The Rioga knight muses, "It was but for a night. A brief visit, your Highness." As is appropriate, Ronan strictly stays formal in his address of the young woman, daughter of his King. He has shifted his hands to clasp them behind his back once more as they walk together. His archer and knight come from the stables after seeing to the horses, but not Ronan's squire who is likely to remain to clean tack or suchlike. His sharp eyes take note of these details.

"I do not yet know how long I shall remain, Princess." The Duke's attention comes back to her and indeed, she is so tiny compared to him, and young. Though Roslin hardly acts the part of a more typical, giddy 16 year old girl. "I have much that must occupy my time at home in Sutherland in these days. I have a keep to rebuild, investigations to pursue, mines to be closely watched, and far more. None of which shall await the spring."

A flicker of his dark eyes over her before he's looking at the start of the gardens. "I do not expect to remain long. A few days, a week perhaps. I am not a man who abides being idle nor enclosed within walls, your Highness."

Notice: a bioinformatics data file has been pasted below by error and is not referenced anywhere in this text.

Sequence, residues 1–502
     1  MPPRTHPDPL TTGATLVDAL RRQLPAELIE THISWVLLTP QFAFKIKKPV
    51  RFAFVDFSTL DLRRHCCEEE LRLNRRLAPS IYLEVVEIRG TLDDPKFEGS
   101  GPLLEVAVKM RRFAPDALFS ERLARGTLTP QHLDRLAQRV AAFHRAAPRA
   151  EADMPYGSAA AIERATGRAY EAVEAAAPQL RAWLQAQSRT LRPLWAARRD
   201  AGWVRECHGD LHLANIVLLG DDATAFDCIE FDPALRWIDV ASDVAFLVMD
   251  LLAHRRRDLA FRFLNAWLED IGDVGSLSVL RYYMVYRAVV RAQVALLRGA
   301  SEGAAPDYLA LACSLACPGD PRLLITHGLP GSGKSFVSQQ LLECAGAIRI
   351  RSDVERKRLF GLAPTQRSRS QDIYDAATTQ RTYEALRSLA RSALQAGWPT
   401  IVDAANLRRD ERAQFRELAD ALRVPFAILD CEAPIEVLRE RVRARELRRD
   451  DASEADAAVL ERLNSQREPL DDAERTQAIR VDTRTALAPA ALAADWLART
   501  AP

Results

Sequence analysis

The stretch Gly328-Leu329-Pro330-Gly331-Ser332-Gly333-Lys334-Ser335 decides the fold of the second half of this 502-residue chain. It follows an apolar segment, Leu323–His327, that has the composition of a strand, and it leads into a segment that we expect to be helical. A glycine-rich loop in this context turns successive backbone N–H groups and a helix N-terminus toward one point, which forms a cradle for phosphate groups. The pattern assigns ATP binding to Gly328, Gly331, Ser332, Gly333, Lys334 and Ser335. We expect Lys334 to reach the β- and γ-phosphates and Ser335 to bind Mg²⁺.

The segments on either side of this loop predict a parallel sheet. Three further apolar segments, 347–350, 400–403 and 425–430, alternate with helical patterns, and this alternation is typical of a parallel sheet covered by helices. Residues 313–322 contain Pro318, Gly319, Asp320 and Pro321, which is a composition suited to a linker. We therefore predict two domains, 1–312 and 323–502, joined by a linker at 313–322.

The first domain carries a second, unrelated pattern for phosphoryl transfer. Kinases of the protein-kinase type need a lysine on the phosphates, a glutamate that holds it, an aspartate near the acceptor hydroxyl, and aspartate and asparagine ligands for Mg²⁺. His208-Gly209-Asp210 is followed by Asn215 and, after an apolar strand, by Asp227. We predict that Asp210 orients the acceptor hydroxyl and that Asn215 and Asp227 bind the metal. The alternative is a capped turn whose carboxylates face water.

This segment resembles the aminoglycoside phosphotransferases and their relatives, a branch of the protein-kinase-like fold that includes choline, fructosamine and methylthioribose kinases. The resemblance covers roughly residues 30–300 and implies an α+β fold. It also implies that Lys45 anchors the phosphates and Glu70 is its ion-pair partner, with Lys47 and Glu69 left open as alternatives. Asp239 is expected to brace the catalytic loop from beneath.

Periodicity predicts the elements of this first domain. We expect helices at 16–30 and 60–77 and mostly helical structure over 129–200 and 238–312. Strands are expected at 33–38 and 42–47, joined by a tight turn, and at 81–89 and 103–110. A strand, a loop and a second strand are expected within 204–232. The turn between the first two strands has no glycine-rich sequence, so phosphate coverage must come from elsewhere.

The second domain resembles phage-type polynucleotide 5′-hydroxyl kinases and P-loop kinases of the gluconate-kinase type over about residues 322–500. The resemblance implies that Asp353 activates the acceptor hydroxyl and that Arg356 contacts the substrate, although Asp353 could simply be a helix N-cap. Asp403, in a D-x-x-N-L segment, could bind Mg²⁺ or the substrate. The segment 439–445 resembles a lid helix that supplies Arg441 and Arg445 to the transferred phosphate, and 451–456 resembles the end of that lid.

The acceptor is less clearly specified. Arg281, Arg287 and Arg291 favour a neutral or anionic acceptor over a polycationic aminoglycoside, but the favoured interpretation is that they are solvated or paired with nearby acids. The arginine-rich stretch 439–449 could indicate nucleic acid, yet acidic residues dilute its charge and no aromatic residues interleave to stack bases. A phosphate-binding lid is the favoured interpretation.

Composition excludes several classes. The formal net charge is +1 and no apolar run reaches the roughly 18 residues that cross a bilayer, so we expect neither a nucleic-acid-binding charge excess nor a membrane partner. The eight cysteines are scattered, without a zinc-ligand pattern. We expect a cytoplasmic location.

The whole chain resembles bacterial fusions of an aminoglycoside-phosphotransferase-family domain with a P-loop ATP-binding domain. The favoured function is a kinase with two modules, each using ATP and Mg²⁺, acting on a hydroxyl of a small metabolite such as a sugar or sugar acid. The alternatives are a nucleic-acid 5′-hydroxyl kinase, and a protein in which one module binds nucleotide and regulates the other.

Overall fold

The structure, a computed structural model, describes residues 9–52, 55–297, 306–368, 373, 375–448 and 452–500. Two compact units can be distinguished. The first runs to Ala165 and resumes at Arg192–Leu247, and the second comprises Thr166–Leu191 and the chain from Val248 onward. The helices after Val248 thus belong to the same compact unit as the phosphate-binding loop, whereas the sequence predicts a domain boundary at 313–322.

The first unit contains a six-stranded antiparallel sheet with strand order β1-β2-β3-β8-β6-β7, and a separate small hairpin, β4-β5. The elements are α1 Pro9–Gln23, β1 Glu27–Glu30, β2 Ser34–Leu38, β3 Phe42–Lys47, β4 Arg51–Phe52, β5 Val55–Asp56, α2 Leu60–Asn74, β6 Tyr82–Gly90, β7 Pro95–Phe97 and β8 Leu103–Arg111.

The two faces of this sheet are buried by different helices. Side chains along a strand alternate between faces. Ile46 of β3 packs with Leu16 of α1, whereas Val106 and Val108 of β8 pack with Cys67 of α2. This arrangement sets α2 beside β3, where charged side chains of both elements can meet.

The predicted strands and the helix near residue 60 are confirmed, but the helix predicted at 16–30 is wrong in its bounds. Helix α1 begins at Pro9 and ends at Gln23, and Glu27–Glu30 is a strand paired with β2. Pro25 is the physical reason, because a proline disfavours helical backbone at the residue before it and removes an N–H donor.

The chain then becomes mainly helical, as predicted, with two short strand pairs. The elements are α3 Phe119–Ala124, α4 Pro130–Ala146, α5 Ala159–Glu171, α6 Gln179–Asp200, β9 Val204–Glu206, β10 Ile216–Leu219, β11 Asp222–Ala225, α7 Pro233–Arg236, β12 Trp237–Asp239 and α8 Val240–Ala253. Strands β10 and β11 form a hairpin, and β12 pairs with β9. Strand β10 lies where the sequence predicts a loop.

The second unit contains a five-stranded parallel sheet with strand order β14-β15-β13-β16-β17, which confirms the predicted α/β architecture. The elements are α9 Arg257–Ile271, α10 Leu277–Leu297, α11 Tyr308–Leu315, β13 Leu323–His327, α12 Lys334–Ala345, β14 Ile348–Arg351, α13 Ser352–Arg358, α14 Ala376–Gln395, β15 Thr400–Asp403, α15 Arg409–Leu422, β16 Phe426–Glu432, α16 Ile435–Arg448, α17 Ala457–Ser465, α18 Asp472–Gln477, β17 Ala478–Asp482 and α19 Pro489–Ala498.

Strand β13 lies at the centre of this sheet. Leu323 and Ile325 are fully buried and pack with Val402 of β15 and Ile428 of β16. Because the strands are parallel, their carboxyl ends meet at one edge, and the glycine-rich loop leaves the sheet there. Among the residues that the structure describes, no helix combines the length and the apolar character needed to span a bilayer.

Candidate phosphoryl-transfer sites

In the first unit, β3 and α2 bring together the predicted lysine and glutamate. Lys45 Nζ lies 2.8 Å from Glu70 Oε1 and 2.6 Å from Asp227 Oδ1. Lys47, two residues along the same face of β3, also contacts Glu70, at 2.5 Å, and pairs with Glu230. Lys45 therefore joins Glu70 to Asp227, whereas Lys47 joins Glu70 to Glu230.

"I am sorry that you must leave us so soon after arriving," Roslin says, her voice easy and level as she converses - likely overheard by her maid and maybe her guards but not much further. "But neither I nor my father would intrude on a Lord's business to his home and his people, and the business you have before you is so very great and so very urgent." She pauses to look up to him for just a moment.

"My Lord, your family has been good friends to mine with only a few blemishes upon that relationship for many years." Whatever those blemishes might be, she does not say. "I feel confident that I may speak for my family when I say that we are here to support you in your trials at this time as you need. Though I do not mean to diminish your abilities, you are a young man who finds himself suddenly without the support of his family. I cannot imagine the pain that must bring, nor the difficulties as you take up the reigns of the South. As Terrwyn and Cedric were to us - brother and sister and family - so too shall you be. And you need only seek us for assistance or guidance or comfort and it shall be granted." She nods once, after considering her words and finding them appropriate.